Lawsuit filed against approval of Squaw Valley Alpine Meadows base-to-base gondola

Hannah Jones

A lawsuit has been filed against Placer County’s July approval of Squaw Valley Alpine Meadows base-to-base gondola by the Granite Chief Wilderness Protection League.

“Creating the gondola is going to be a huge impact on the wilderness area,” said Deborah Moskowitz, president of Resource Renewal Institute, a nonprofit organization that oversees the Granite Chief Wilderness Protection League. “We have an obligation to maintain the beauty of these places.”

According to the suit filed, the Protection League believes the gondola would “permanently alter what is now a pristine Sierra Nevada environment” endangering wildlife and destroying the natural habitat. The suit claims that the project has not undergone adequate environmental review or mitigation in the Environmental Impact Report certified by the county.

The project includes two base terminals and two mid-stations. The gondola will begin at Squaw Valley, traverse over privately owned property and end at the Alpine Meadows base area. The eight-passenger gondola would be able to transport up to 1,400 people per hour and will only operate during the winter season, according to a county staff report.

The project’s Final Environmental Impact Report outlines four alternatives. The approved project, the fourth alternative, was determined to have less of an environmental effect than alternatives, as it occupies the least amount of land, spanning 11,700 feet, and is farthest away from the Granite Chief Wilderness.

Moskowitz said the best alternative would be to not construct the gondola all together.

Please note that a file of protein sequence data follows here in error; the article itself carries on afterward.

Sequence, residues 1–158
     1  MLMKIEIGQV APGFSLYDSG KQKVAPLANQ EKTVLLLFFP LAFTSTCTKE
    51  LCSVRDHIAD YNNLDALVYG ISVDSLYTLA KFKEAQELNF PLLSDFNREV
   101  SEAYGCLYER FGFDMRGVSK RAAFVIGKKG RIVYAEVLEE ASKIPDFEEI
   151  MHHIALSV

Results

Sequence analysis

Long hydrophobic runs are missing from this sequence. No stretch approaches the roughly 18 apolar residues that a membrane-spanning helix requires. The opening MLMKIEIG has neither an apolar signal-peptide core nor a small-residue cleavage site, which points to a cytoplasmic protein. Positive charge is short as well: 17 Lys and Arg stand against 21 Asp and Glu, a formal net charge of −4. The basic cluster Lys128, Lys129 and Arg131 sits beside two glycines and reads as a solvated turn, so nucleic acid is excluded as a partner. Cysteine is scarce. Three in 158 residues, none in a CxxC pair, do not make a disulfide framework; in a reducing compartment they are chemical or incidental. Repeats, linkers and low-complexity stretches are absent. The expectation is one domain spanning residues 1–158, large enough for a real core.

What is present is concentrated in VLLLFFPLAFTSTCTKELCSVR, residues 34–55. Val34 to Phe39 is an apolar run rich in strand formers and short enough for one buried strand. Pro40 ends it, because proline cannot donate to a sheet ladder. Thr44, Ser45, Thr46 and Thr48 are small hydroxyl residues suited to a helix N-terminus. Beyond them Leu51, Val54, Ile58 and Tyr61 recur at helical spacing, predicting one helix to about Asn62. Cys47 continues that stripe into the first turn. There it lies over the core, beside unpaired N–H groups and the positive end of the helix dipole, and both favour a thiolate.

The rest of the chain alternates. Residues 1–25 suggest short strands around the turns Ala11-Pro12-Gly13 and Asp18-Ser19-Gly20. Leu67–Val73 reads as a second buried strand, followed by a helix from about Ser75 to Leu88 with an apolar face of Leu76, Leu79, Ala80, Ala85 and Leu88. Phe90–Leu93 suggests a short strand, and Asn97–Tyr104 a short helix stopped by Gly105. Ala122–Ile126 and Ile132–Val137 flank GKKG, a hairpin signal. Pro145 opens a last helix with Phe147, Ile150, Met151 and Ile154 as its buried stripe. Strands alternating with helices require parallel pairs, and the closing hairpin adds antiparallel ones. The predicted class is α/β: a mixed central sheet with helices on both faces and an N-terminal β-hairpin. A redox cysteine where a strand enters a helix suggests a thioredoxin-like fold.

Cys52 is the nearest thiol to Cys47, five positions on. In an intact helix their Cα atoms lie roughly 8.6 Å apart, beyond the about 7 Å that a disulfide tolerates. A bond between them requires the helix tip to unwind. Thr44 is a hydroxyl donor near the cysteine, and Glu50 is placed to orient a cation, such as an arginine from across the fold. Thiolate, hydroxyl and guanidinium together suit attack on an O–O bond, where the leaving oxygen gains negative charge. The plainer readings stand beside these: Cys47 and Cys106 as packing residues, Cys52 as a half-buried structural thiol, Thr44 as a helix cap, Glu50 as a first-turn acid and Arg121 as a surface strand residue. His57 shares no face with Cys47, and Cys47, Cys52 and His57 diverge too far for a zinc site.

“This will desecrate a wilderness sanctuary,” said Huey Johnson, chair and founder of the Resource Renewal Institute, in a press release. “There are other less damaging alternatives that would allow this small subset of skiers to travel between Squaw and Alpine without constructing these towers amidst this pristine area.”

Throughout the planning process Squaw Valley collected 7,000 signatures on a petition in favor of the project.

“A tremendous amount of research and study informed the approval of this project,” said Ron Cohen, president of Squaw Valley Alpine Meadows. “It is also important for the public to know that no part of this gondola will enter the Granite Chief Wilderness.”

Approximately 20% of the project will be located on national forest lands. The project received preliminary approval from the Tahoe National Forest earlier this year, but must be formally approved in order to move forward.

According to Joe Flannery, Tahoe National Forest public affairs officer, they received 12 objections on their draft Record of Decision from members of the public and local organizations including the Granite Chief Wilderness Protection League.

Flannery said they will finish clarifying those objections in the next two weeks and release a Final Record of Decision in November.

“We are getting close to making a decision,” said Flannery.

Hannah Jones is a reporter for the Sierra Sun. She can be reached at or 530-550-2652.

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